Media Release

CELA Supports Ban on Phthalates in Children’s Products

Scientific Evidence Points to Need for Regulation of Additional Phthalate Sources

Jan 18 2011

Toronto: The Canadian Environmental Law Association (CELA) strongly supports the federal government’s regulation of six phthalates in children’s products, bringing Canadian law in line with actions already taken in the US and the European Union. Indeed, even more regulation is necessary to control phthalate exposures that continue to create health risks for children, including via prenatal exposure of pregnant women.

Phthalates are used in many different consumer products. They are in many fragranced products and as plasticizers, they soften hard vinyl. Manufacturers of soft plastic children’s products have voluntarily stopped using some phthalates for several years. This regulation will ensure that voluntary action continues and that it extends to all six phthalates subject to this regulation.

However, many other soft vinyl products and other uses of phthalates, including in cosmetics and cleaning products are not addressed in this regulation. “Scientific evidence shows that many other sources contribute to ongoing phthalate exposure,” noted Kathleen Cooper, Senior Researcher with CELA. Although not persistent substances, the constant exposure to phthalates from multiple sources creates a kind of quasi-persistence. Human biomonitoring studies consistently show that children are more highly exposed.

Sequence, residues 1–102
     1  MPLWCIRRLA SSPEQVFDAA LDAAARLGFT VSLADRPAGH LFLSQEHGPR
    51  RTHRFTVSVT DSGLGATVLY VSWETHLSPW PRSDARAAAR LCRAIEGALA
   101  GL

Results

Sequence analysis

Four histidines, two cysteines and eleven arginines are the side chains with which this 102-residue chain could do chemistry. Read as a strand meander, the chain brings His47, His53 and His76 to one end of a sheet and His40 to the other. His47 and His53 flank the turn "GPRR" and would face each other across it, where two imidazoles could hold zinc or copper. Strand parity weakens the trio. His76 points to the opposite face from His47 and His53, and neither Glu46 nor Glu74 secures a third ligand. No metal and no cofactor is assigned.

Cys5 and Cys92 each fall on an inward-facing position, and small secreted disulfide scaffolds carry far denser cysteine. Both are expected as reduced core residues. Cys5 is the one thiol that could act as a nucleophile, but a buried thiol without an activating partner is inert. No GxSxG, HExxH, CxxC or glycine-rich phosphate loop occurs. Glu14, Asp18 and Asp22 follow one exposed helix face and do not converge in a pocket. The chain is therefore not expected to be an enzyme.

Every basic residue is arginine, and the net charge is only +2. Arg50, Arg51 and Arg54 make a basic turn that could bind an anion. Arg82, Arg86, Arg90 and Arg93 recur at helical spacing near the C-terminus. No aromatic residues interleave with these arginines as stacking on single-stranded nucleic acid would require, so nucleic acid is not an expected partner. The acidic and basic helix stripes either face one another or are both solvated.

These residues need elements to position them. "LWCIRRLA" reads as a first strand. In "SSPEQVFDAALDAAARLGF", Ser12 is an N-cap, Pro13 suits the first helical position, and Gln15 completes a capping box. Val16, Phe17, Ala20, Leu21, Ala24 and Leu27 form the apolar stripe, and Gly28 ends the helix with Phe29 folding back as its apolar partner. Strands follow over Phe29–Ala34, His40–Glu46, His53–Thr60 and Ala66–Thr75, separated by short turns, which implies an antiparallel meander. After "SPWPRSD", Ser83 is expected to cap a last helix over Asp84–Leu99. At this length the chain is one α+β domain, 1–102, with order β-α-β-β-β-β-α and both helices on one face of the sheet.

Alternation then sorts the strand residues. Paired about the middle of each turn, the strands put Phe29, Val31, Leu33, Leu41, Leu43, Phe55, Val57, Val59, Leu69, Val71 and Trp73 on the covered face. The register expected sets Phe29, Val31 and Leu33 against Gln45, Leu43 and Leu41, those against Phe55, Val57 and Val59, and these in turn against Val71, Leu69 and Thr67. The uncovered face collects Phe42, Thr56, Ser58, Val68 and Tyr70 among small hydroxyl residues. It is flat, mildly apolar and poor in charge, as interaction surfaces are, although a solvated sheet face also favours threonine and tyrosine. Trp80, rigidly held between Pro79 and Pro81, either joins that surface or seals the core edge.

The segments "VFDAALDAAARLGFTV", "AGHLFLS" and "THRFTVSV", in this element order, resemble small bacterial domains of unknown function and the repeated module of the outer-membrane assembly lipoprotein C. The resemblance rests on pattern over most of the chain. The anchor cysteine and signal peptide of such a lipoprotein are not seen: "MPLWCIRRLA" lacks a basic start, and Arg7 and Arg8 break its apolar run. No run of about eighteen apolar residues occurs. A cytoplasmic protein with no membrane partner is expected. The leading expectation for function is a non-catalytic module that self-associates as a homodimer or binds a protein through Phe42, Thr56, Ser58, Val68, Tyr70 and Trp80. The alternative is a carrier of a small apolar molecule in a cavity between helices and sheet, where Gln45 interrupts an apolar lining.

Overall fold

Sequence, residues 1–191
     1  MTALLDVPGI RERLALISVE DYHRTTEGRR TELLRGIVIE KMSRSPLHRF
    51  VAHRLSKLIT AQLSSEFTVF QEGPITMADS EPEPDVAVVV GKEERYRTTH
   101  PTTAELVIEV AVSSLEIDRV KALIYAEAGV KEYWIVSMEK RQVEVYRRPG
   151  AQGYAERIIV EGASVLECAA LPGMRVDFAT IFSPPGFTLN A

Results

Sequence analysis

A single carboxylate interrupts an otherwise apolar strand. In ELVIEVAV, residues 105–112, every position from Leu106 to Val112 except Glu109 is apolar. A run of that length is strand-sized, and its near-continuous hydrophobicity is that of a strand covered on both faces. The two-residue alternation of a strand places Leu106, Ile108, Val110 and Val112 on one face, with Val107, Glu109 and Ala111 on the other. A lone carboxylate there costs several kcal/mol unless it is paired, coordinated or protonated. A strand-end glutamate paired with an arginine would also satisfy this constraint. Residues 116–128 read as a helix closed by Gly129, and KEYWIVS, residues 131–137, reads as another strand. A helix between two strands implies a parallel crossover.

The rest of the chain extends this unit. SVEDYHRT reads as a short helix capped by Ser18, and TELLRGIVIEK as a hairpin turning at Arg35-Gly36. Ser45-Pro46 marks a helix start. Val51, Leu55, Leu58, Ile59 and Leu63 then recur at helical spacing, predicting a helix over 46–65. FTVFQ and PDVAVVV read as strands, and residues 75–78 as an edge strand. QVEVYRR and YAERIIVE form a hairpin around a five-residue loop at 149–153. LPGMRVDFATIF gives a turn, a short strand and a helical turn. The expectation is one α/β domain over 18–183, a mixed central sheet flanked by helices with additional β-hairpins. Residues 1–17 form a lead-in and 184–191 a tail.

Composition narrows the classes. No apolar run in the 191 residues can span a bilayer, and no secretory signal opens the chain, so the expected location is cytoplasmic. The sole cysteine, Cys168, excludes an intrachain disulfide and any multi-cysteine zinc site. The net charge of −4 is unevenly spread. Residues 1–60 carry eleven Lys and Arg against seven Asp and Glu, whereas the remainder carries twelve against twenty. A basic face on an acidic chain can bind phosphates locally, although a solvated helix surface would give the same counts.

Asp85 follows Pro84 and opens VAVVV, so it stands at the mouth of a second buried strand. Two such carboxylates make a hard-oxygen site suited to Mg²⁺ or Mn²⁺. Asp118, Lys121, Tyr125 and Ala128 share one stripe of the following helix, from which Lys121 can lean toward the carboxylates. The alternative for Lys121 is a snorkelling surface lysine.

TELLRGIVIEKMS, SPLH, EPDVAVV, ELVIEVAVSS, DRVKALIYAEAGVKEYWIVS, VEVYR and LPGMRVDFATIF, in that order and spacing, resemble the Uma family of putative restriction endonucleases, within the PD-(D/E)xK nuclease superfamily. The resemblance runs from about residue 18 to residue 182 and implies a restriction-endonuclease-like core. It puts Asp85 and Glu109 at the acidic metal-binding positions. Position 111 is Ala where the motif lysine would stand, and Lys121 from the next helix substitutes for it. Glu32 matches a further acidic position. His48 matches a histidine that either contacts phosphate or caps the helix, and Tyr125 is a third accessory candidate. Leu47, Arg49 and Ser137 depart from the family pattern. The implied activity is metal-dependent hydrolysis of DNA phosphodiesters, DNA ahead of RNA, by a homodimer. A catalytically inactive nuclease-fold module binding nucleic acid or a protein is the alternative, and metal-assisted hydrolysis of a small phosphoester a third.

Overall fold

We know that exposure to phthalates occurs in the air and dust inside our homes as well as in some foods. The behaviour of young children – crawling on the floor, hand-to-mouth exploration – results in higher exposure. Children are also more vulnerable to toxic effects.

Scientific evidence shows that phthalates can disrupt the endocrine system in several ways. Laboratory studies in animals and some human epidemiological evidence shows associations with several impacts on the male reproductive system. Phthalates are associated with the “testicular dysgenesis syndrome” or TDS which includes two birth defects, cryptorchidism (undescended testicles) and hypospadias (a defect in the male urinary tract), reduced ano-genital distance, impaired semen quality in adulthood, and testicular cancer in young men. Phthalates are also associated with premature breast development in young girls and endometriosis in women.

“While this new regulation is most welcome in reducing some childhood exposures to phthalates, like the chemical bisphenol A, the scientific evidence indicates that prenatal exposure to pregnant women is a time of equal or greater vulnerability. More comprehensive controls on the use of phthalates and thereby reducing exposure to the population at large from other consumer products is warranted,” Cooper noted.

For more information, please contact:
Kathleen Cooper, Senior Researcher, 705-341-2488